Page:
Although interest for the Critical Thinking In Sexuality course appears to have waned over the past semester, research we recently conducted for Sexual Debates in the U.S. (SWGS 385) underscores the need for the course. As a population, Rice students receive woefully inadequate sex education in secondary school, especially when compared to the SB#4 recommendations for the proposed Rice course.
A weighted analysis of the number of students from each state at Rice and the sex ed laws from those states reveals that less than one in five students come from a state that requires sex education, and less than one in five come from a state where sex ed must be medically accurate, as measured by the state itself.
Knowing that geographic disparities existed within state laws, we conducted a survey of Rice students who attended public school in the United States to confirm geographic patterns. 95 percent of eligible survey respondents received some information on abstinence and sexually transmitted diseases, but only 84 percent of students received information on condoms, which, though a sizable number, raises the question of how exactly students were taught to prevent STDs.
The lack of prevention education is troubling given the disproportionate rate of STDs among youth. People aged 15-24 account for nearly half of the 20 million new STDs diagnosed each year, according to the Centers for Disease Control and Prevention.
The results on consent particularly stress the pressing need for the CTIS class. Only 40 percent of respondents reported receiving information on consent. While this figure does not mean only 40 percent of Rice students know what consent is — many students, of course, receive some form of sex ed outside the classroom — it indicates a student body who has largely had to figure consent out on its own, and, based on the results of the Survey of Unwanted Sexual Experiences, this “self-education” has not been particularly effective.
Results are slightly better, but nowhere near good enough, for healthy relationships — something that only 60 percent of respondents received information about. Though a simple majority may seem like a success especially in light of the results on consent, these results mean it is highly likely, and even probable, that at least one person in a relationship has not received education on healthy relationships.
The numbers are even worse just looking at Texas, home to about half the Rice student body. Compared to the data we collected on the rest of the country, Texas sex ed falls short in every single category in our survey.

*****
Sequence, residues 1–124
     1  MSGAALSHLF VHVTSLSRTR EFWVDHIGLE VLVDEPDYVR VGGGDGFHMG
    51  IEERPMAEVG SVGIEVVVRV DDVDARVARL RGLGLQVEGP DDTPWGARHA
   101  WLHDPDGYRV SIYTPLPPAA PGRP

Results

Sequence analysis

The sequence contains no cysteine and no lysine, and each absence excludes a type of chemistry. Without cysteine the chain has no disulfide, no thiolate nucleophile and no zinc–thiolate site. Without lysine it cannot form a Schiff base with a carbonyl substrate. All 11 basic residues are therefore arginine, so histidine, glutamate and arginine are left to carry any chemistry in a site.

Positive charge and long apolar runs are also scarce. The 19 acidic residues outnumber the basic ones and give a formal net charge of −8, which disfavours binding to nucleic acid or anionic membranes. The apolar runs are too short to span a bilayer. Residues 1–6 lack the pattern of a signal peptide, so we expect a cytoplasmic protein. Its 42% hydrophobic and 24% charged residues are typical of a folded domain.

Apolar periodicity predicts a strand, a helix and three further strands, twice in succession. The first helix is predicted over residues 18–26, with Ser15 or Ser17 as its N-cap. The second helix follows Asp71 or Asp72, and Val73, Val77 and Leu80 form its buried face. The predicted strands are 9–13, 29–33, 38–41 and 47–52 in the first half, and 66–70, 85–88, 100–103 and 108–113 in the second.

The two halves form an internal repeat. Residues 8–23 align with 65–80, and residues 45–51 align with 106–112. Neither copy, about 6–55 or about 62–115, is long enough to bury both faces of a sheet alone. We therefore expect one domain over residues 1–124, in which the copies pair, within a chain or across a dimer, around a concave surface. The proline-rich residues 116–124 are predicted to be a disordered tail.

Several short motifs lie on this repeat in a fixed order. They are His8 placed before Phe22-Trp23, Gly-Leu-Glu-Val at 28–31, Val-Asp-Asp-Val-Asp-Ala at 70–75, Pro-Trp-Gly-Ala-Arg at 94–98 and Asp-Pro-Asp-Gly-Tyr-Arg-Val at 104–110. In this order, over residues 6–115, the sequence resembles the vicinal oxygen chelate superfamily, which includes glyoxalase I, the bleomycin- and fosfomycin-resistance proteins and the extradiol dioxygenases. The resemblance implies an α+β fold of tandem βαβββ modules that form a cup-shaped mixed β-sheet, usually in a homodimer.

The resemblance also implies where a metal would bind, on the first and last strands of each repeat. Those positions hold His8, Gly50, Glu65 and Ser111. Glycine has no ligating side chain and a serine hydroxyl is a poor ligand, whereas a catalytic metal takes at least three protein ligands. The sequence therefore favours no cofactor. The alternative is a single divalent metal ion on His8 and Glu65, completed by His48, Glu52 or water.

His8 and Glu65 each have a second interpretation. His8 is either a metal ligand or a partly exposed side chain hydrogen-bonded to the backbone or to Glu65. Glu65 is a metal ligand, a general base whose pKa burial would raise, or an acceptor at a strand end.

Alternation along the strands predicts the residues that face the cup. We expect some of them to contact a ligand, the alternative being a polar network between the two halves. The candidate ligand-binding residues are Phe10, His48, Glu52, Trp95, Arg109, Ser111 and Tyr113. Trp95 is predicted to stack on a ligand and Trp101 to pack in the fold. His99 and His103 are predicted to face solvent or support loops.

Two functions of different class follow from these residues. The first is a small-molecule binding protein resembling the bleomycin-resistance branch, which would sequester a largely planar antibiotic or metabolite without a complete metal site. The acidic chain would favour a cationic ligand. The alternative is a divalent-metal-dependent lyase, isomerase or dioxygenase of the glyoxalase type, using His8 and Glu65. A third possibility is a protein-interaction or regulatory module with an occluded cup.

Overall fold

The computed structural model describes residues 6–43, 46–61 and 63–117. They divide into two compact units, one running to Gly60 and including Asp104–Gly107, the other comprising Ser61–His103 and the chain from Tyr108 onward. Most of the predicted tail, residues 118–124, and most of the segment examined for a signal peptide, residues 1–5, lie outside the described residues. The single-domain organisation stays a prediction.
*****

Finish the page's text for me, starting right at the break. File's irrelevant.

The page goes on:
92 percent of students receive abstinence education, while only around 73 percent received information on condoms and a paltry 48 percent on other forms of contraceptives.
In regards to STDs, about 89 percent reported receiving information on the topic, but only 64 percent were taught about HIV/AIDS. This disparity, as well as the comparatively low proportion of students receiving information on condoms, is disturbing, considering that Texas ranked third among the 50 states in new HIV diagnoses in 2013, according to the CDC.
Texas fails the most on the subjects of healthy relationships, consent, sexual orientation and gender identity. Based on student responses from Texas, half received information on healthy relationships while just over a third were taught about consent. Outside Texas, 30 percent of people received information about sexual orientation, while only 8 percent did in Texas. The same percent reported receiving information about gender identity. Considering about half of Rice students come from Texas, these results show a serious lack of sexual education within the Rice community.
The CTIS course aims to address healthy relationships, safer sex practices, consent, and different perspectives on sexuality, all areas where Rice students receive inadequate education. When considering the fact that about a third of students never received information on healthy relationships or contraception, and a majority of students never received information on consent, sexual orientation, and, in Texas, contraception, the need for a course to address these gaps becomes all the more clear.
Research, like the 2007 review of 80 studies on sex-ed published in the peer-reviewed Journal of Adolescent Health, shows time and again that effective sex ed promotes healthy sexual behavior, including increasing condom and contraceptive use, and can reduce rates of sexually transmitted diseases and unplanned pregnancy. Research also suggests that consent education would similarly lead to positive outcomes and reduce sexual violence.
As a matter of our community’s health, Rice needs and deserves the Critical Thinking In Sexuality course. This course must address medically accurate methods of STD and pregnancy prevention beyond abstinence, include safer-sex education specific to LGBTQ+ populations and address cultural attitudes as they relate to sexual violence. Student progress should also be tracked using standardized pre- and post- tests to determine the program’s effectiveness across sections, and instructors must understand the disparities that exist in education and permit for flexibility.
While doubt has been cast on the need for this class in the past, our findings strongly support the need for the proposed class, and we urge Rice community members to renew their support for the class as well.
Elana Margosis, Duncan College ‘19
Alex Bergin-Newman, Wiess College ‘18
Mitchell Klokman, McMurtry College ‘17